Keep those comments on yesterday's post coming to enter my contest!

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28 May 2010

Drive-by blogging + a contest

7 Small Shawls: T - 218 days and counting down.

It was a crazy day! The boys showed their rabbits at the fair this morning and did well! The garden barrel auction was this evening, and the concept #1 Son created - a gourmet pizza barrel - was the top earner for the kids' barrels. It was a great lesson in critical acclaim versus actual popularity. The barrel - with a centerpiece of a lovely olive tree, heirloom tomatoes, herbs, peppers and a gift basket with Chianti salami and other delicious tidbits - placed third behind two other barrels. We thought they were nice, but not as original or as substantial (maybe we were a little biased - but just a little). The boys had to endure the snide comments of a volunteer judge yesterday who said easily overheard things like "there are smoked oysters in the gift basket, and I hate smoked oysters. Give them a 4 instead of a 5 for creativity." They were feeling pretty low. But this evening at the auction, the barrel was so well received that you could see them glowing! The rabbit judges this morning were another thing altogether, lest you think this is the norm. They were kind, thoughtful and thorough. Just what judges should be, and what we have come to expect at this little fair. A thoroughly good experience, with tons to learn if one had a mind to do so. The auction this evening was another great experience, with the community coming out to bid on garden barrels and desserts to help the kids' scholarship funds. I won a cake. :) Pics soon!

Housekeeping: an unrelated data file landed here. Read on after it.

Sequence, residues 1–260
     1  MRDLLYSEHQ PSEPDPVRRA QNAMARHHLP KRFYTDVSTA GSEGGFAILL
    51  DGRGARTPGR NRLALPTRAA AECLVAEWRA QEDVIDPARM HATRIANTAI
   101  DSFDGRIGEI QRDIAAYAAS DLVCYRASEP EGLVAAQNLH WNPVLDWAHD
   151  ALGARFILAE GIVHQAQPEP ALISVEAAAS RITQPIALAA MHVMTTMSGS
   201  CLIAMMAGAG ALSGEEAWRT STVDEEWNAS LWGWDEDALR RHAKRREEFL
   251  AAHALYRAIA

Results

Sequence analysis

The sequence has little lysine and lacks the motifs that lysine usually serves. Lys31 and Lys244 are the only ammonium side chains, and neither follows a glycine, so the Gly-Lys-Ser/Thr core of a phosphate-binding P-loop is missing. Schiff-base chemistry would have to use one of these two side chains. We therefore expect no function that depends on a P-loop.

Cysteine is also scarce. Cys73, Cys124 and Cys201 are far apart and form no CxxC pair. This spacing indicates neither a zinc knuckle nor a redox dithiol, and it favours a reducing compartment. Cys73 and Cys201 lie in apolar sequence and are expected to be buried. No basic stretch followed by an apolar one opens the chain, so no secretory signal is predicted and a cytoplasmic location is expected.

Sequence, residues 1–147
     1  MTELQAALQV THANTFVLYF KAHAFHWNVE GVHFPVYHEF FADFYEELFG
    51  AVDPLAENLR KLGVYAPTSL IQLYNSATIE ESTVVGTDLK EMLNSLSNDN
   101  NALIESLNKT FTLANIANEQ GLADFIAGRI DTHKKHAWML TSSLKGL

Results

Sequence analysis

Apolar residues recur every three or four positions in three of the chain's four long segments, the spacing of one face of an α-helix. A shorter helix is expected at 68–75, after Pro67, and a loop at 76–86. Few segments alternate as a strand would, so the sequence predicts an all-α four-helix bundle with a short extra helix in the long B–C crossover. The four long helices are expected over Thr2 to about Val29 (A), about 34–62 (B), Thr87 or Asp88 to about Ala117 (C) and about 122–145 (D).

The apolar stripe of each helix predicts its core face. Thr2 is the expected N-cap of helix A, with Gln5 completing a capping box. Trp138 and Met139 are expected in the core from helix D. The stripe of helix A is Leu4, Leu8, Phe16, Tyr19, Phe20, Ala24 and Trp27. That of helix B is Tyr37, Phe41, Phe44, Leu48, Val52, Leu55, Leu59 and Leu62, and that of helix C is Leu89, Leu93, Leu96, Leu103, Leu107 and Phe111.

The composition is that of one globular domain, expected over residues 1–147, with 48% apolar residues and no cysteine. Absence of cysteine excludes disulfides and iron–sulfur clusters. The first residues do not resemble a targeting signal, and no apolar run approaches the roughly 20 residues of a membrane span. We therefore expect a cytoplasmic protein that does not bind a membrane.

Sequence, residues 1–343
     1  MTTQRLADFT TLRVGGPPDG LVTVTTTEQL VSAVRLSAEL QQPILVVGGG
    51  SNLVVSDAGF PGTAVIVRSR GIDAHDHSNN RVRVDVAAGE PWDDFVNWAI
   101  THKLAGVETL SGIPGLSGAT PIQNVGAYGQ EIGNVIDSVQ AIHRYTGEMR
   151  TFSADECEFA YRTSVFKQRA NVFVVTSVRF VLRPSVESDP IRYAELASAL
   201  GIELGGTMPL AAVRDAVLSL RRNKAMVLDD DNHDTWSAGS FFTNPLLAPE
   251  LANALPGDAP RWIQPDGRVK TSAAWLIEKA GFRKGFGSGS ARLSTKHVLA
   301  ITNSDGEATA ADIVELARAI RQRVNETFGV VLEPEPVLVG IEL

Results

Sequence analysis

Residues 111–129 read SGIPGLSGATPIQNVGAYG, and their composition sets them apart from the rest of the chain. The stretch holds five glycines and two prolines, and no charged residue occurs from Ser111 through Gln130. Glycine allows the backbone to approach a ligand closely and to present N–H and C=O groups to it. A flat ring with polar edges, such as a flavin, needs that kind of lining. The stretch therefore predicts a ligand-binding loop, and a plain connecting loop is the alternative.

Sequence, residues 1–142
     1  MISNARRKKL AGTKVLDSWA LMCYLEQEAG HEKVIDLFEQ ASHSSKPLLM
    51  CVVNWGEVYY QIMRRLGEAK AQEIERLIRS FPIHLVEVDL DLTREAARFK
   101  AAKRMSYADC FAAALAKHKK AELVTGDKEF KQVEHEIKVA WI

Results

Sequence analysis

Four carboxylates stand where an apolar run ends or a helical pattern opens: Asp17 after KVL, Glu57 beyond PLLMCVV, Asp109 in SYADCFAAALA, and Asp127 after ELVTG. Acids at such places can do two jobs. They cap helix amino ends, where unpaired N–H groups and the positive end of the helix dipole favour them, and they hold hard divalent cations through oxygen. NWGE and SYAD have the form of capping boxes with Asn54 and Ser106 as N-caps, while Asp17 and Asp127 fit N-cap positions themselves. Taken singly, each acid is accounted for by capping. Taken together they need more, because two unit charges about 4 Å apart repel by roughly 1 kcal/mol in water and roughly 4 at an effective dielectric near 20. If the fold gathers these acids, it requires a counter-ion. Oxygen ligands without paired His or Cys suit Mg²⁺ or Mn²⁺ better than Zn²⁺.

Before moving on, I wanted to thank you all for your great comments on my shawl! You have me walking on air. :) I was actually able to knit on shawl #2 today, but there are no progress pics, I'm sorry to say. To atone for this sad lack of eye candy, I will answer questions and have a little contest!

scifiknitter asked: "Are you going to try to include a design or two that will work well with the more raucous hand-painted yarns?" Yes! I will try to include at least one. :) I know there are tons of you with variegated sock yarns in stash!

Adrienne said: "That green yarn is going to haunt me. What is it? I think I'd give a kidney for that color!" It's a "mistake" by Karen at Royale Hare. Isn't it incredible? I am obsessed by it! I am working on her to make more of it soon.

Several people have asked me if the new shawl I'm working on is part of the 7 Small Shawls eBook. Yes!!! You betcha. :)

So down to the contest. For which sister (of the Pleiades) do you think the new shawl should be named? Leave a blog comment for me by midnight PST on Tuesday, June 1st and be entered to win a nickel swirl shawl pin (below - or copper if you prefer)! Name to be drawn randomly.
Last, but definitely not least, look what came in the mail today! I had been talking with Kathy at WEBS about her yarns, and she sent me a giant box to swatch!
It was completely jam packed full of yarn, including my favorite: this alpaca/silk lace weight. Yowza.
And yes, I know. Another pink yarn on my blog! But can I just say that I have nothing against hot pink? In fact, I quite like it. The hotter, the better. This picture does not in the least do justice to its hotness.